I have been captivated by Superman ever since I wrote my first book, the life story of the public relations pioneer and master ma- nipulator Edward L. Bernays. Borrowing ideas from his uncle Sigmund Freud, Bernays single-handedly shaped many of our political and cultural appetites—from sweetening sour politicians like Calvin Coolidge to selling America on the European tenor Enrico Caruso. Negro Leagues strikeout king Leroy “Satchel” Paige, the subject of my most recent book, borrowed Bernays’s techniques in crafting his own eye-popping legend. Paige and Bernays got me wondering: Why does America embrace the heroes it does? What do our choices say about them and, more important, about us? There’s no better way to understand modern-day heroes than to look at Superman, the super- hero who tapped into the American psyche more effectively than anyone else and, as a result, has lasted longer than all of them.

Clearly there was a serious story here, but for me the other appeal of writing this book was getting to be ten again. I had grown up reading Superman comics and watching nearly all 104 episodes of Adventures of Superman on TV. I sat mesmerized by his movies and pondered: What would it feel like to actually take flight? Superman was comfort food for my spirit, and writing this book let me partake of that comfort all over again. It also let me imagine what Superman did between adven- tures, when he doffed his cape and sprawled out on the couch.

Okay, so I still cared about Superman, but did anyone else? Sure, he was a big deal when I was coming of age in the 1960s, but I as- sumed he was passé in the virtual realities of the new millennium. Then I started paying attention. My four-year-old nephew showed up one night wearing a Superman shirt. My sixteen-year-old step- daughter told me how, when she was four, she had trick-or-treated dressed not as Supergirl but as Superman. My oldest friend’s fourteen- year-old daughter showed me her DVD collection of Smallville, a show I had never heard of that, for ten seasons, has chronicled the adventures of a young Clark Kent. The final test came on Halloween, when merchants in my hometown of Lexington, Massachusetts, hand out candy all afternoon, packing sidewalks with costumed kids who provide the perfect sampling with which to judge who’s hot in the world of heroes. Spider-Man did well, with half a dozen children dressed in webbed costumes, but the hands-down winner was the blue tights, red cape, and bright yellow S of Superman.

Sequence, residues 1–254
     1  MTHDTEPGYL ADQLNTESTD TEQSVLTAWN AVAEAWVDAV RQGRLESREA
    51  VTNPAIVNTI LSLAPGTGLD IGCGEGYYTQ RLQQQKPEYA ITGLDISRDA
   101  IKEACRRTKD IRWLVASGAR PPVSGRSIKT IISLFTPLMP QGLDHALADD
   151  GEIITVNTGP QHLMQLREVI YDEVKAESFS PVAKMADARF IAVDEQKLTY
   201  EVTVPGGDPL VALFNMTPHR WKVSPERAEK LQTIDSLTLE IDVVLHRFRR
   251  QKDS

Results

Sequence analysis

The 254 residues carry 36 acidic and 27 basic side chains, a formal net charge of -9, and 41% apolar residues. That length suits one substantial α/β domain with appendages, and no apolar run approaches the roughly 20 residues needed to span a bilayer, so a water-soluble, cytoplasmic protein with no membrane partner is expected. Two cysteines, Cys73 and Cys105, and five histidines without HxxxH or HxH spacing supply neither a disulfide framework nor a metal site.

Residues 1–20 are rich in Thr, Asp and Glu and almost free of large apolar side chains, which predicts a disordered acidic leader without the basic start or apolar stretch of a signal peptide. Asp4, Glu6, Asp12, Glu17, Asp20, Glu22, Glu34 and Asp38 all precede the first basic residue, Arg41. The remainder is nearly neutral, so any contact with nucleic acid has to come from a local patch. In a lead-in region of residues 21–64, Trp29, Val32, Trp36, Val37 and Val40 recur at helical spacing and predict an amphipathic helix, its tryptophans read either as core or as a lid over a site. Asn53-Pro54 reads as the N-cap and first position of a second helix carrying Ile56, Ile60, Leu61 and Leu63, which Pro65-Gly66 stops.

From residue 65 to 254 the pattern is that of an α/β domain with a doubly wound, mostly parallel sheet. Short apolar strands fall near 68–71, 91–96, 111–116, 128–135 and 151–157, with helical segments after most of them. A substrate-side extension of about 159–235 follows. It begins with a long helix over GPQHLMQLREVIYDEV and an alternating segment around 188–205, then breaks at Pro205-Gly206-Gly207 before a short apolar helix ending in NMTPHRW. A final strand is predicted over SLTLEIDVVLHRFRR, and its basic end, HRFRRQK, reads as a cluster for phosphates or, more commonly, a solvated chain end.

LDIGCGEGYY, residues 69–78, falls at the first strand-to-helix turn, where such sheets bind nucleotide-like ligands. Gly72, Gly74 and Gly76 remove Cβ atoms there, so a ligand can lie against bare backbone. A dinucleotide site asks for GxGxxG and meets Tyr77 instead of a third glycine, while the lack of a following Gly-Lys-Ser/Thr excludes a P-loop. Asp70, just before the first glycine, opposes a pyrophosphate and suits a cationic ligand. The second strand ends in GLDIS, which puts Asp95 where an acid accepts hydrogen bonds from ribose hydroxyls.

I still had doubts, but they had changed from whether anyone cared to why. Why did Senator Barack Obama pose in front of a Superman statue and later, just before his election as president, joke that he, too, came from Krypton? Surely he understood better than any- one the value of bonding to such a symbol of strength and honor. Why is the Man of Steel as popular today as he was in my boyhood and in every era back to his begetting in the 1930s? That is more than we can say for Jim Thorpe or Dwight Eisenhower, the Phantom, the Lone Ranger, or Tarzan the Ape Man. By the time of his death, even a brilliant pitcher and consummate character like Satchel Paige had become a vague if nostalgic memory for most. Heroes, understand- ably, are woven into their time and seldom last far beyond it. How had Superman broken the mold?